The U.S. Supreme Court ruled in favor of the Commodity Futures Trading Commission to proceed with its lawsuit that accuses a Newport Beach-based company of defrauding thousands of customers out of $290 million.
The court refused earlier this week to hear the claims of the California-based precious metals dealer, which sought to review the CFTC’s authority to bring enforcement cases against its alleged market manipulation.
The cert petition was Monex’s latest effort to push back against a 2017 enforcement action. It was filed shortly after the Ninth Circuit Court of Appeals also ruled in favor of the CFTC. The federal judge said that the district court was wrong in dismissing the regulator’s case against the company and its principals Louis Carabini and Michael Carabini. It ruled that the CFTC’s charges of fraud and illegal trading could proceed.
Although the derivatives regulator has jurisdiction over only swaps and commodity futures contracts, the CFTC has historically also had enforcement authority on the spot or physical markets.
“The Ninth Circuit’s decision, now final, confirmed (1) that the Commodity Exchange Act (CEA) empowers the CFTC to prosecute fraud in cash-commodity markets regardless of whether there has also been market manipulation; and (2) that in order to escape regulation under the CEA, a purveyor of leveraged retail commodity transactions must actually deliver that commodity, and may not rely on sham arrangements in which no commodity ever changes hands. In Monex’s case, the transactions were in metals, but these issues are also important in the context of digital assets including virtual currencies. Earlier this year, the CFTC issued final interpretive guidance on actual delivery for digital assets,” the regulatory notice further reads.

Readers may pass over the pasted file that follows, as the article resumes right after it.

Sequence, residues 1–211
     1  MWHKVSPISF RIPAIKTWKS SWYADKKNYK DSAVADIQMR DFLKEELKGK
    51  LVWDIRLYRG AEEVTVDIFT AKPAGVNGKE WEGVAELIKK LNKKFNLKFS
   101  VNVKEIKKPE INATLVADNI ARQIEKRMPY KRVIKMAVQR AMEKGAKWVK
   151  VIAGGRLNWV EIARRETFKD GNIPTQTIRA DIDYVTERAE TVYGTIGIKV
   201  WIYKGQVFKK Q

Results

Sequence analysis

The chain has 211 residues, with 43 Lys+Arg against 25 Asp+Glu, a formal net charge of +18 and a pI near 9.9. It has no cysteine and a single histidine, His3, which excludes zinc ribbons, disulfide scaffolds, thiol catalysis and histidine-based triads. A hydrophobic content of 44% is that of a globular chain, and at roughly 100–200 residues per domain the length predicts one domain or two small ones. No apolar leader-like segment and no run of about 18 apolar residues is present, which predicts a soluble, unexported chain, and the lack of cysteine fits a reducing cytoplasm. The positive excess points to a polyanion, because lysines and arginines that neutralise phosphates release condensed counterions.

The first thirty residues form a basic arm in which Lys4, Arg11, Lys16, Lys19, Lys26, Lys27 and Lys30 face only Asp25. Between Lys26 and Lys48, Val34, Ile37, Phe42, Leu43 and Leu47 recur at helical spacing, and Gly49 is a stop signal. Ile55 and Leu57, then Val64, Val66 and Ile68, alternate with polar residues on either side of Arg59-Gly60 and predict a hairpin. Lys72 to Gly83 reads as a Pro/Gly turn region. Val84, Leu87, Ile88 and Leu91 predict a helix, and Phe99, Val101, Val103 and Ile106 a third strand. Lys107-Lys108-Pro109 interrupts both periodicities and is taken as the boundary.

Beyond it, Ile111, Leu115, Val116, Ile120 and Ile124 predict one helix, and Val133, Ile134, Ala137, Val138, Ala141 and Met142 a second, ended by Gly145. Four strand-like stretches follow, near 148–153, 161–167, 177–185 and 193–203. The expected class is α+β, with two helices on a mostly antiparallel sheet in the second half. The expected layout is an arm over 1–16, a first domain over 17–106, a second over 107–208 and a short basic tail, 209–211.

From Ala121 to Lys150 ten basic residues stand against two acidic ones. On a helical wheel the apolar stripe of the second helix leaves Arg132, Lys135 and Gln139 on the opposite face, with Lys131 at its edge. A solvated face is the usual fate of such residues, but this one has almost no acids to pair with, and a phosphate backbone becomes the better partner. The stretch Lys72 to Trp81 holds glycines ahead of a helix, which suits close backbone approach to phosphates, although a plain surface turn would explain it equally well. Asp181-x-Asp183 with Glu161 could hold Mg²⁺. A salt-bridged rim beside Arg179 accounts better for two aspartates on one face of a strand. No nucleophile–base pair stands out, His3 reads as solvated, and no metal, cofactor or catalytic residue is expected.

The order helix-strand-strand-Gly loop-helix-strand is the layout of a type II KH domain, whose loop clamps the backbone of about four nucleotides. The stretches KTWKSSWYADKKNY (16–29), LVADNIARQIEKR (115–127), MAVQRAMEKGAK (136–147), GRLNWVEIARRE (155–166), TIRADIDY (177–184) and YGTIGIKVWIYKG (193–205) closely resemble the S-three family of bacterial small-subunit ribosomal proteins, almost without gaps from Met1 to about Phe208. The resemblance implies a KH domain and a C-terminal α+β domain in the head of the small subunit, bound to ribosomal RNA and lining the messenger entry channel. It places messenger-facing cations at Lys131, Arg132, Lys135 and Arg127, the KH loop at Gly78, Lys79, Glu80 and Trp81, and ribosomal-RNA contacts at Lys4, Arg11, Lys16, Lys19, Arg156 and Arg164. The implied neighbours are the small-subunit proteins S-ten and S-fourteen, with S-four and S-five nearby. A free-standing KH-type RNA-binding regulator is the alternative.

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In 2017, the Commodity Futures Trading Commission (CFTC) had filed a federal lawsuit in Illinois, charging three affiliated companies located in Newport Beach of California with defrauding customers through commodity investment pools.
The CFTC alleges that beginning in 2011 and through March 2017, Monex Deposit Company, Monex Credit Company, and Newport Services Corporation solicited the public to invest in commodity trading pools, scamming thousands of retail customers out of more than $290 million.
According to court records, California-based Monex Deposit and its subsidiaries offered leveraged trading in gold, silver, platinum, and palladium to retail customers through its ‘Atlas’ program.
The order also finds that the company accepted clients’ trades and funds and therefore acted as a Futures Commission Merchant (FCM), without registering as such with the CFTC.
Using high-pressure sales tactics, the agency claims that Monex representatives “deceptively pitched leveraged trading through the Atlas program as a safe, secure, and profitable way to invest in precious metals.” In reality, Monex’s Atlas trading program defrauded over 12,000 trading accounts through large price spreads on trades, plus commissions, interest on loans, and administrative fees. In some cases, Monex’s spreads were 100 times higher than the standard rates offered on regulated exchanges.